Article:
An organism's DNA contains numerous regulatory sequences that are used to modulate gene expression; yet DNA sequence alone does not explain why some regulatory sequences are functional while others are not. Because most genomic DNA (80% on average) is tightly packaged into nucleosomes [1
], alternating nucleosome occupancy has been proposed as an important strategy to regulate gene expression since its initial discovery [2
]. Indeed, higher expression levels are commonly associated with nucleosome depletion at promoters and other genomic locations, e.g. rDNA [1
]. It has also been demonstrated that nucleosome occupancy affects the accessibility of DNA sequence motifs to transcriptional regulators; as a consequence different DNA sequences can display different nucleosome occupancy levels [1
]. Further, motifs recognized and bound by active transcription factors are more likely to be nucleosome-depleted than those recognized by inactive ones [1
]. Differential occupancy on many motifs has been observed in certain environmental conditions [14
] and following environmental stresses [16
]. However, it remains controversial whether changes of nucleosome occupancy [16
] or their initial positioning [14
] determines levels of gene expression.
Most previous studies have focused on measurements of average transcription levels and average nucleosome occupancy over regulatory regions. The one-to-one connection between the occupancy of individual motifs and the resulting effect on gene expression has been tested only for a small number of genes. A recent study demonstrated that nucleosome depletion at two cell cycle-regulated promoters, CLN2pr
, ensures periodic expression pattern of genes involved in cell-cycle progression [17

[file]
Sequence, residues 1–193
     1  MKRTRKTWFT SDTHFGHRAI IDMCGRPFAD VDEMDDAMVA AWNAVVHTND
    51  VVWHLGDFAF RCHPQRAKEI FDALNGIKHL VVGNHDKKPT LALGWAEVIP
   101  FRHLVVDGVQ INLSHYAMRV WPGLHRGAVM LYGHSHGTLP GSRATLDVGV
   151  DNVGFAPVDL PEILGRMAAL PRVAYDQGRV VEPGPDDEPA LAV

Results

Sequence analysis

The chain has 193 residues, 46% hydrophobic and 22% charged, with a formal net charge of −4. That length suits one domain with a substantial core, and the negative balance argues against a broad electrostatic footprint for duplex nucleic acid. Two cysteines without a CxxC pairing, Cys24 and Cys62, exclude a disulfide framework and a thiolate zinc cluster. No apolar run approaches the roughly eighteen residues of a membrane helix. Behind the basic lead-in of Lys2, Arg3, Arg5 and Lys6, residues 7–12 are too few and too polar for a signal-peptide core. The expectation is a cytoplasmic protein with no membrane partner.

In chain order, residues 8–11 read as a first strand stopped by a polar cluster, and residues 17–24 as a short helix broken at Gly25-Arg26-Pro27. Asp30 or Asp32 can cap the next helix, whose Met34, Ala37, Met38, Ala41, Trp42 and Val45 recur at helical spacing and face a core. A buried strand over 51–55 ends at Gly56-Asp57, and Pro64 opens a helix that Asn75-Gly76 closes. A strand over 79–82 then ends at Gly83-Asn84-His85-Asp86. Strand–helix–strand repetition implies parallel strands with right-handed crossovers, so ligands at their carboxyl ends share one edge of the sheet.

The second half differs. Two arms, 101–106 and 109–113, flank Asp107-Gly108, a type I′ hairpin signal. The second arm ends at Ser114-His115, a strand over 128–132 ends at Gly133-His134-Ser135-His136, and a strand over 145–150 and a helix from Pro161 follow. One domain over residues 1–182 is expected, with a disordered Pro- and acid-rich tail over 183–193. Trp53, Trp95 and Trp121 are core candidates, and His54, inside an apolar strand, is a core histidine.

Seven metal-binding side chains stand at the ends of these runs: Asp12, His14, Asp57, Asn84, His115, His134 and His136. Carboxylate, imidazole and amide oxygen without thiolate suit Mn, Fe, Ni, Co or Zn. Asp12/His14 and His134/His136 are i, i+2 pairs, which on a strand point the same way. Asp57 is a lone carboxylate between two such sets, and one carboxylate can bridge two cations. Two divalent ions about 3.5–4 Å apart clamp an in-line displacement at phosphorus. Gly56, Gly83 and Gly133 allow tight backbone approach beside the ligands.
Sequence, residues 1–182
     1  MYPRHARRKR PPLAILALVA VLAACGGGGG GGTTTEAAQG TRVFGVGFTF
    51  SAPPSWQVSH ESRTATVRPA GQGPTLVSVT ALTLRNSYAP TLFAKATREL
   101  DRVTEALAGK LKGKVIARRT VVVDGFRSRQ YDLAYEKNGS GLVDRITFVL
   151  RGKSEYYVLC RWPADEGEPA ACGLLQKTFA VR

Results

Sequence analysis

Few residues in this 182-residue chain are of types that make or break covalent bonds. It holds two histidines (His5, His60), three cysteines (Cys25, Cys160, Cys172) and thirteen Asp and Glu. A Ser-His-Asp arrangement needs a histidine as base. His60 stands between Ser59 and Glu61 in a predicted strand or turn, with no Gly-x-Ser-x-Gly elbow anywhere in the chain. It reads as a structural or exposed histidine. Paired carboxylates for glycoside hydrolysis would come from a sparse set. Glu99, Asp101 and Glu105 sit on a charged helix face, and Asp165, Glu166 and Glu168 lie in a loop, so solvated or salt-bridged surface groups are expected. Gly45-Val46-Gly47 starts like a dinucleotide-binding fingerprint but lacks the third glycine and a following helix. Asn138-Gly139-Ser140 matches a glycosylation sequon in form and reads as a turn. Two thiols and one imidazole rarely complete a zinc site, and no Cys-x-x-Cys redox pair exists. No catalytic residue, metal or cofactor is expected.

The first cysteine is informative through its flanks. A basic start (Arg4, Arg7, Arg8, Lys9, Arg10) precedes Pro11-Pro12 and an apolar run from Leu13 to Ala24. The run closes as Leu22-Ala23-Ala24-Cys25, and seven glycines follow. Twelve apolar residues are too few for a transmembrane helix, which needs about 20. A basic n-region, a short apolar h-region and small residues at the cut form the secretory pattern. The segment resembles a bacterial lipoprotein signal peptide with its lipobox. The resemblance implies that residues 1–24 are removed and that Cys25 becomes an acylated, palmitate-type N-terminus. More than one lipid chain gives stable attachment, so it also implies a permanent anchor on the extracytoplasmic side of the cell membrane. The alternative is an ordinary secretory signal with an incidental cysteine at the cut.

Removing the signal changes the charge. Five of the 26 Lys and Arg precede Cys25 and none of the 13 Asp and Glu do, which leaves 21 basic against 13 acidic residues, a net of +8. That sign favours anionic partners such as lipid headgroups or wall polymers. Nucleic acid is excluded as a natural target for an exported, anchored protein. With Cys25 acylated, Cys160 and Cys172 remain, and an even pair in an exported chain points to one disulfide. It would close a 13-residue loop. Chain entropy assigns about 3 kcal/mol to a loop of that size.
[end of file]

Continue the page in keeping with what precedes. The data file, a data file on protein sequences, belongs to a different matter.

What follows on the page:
]. These experiments clearly linked a specific expression pattern (cell-cycle periodicity) to nucleosome occupancy. The generality of this phenomenon for genes containing cell cycle regulating motifs remains to be tested through genome-wide experiments.
An average correlation between expression level and nucleosome occupancy at promoters across species has been reported [18
], but it is not, however, clear how motif-specific nucleosome occupancy patterns affect the expression of individual genes across different species. To address this question, we sought an analysis approach that transcends the average expression level and targets the response at a specific class of motifs under specific conditions. Although predictions of nucleosome occupancy often assume that nucleosome positions are identical on conserved DNA sequences [19
], experimental data is needed to test this assumption to better understand how nucleosome occupancy on motifs relates to phenotypic evolution. Such comparison across species can provide insight that augments ongoing efforts to define the relative contributions of cis
acting factors in phenotype divergence.
In this study, we determined the genome-wide nucleosome positions in the yeast S. bayanus
, and compared these findings to patterns of gene expression during the cell cycle of S. cerevisiae
and S. bayanus
, two closely related sensu stricto
yeast species. We show that changes in nucleosome occupancy on motifs are correlated with phenotypic divergence between species. In particular, our results show that nucleosomes provide a conspicuous genome-wide signature of MBP1 cell-cycle motif recognition in these two yeasts and this signature distinguishes which motifs result in periodic, cyclic expression patterns of the downstream genes. Although averaged expression level has previously been negatively linked to nucleosome occupancy at promoters [1
], our data provide a high-resolution, genome-wide demonstration of how the interplay between nucleosome occupancy and motif content is related to a specific expression pattern (i.e
. in the cell cycle) of individual genes. Conserved transcription factor binding sites are more likely to be nucleosome-depleted, suggesting that patterns of nucleosome occupancy may reflect conservation of regulatory circuits across species. Finally, our cross-species comparison of transcription factor binding sites and nucleosome occupancy patterns reveals that changes in nucleosome-motif interactions are correlated to expression divergence, i.e. despite their conserved presence, motifs that become nucleosome-occupied during evolution no longer regulate downstream gene expression.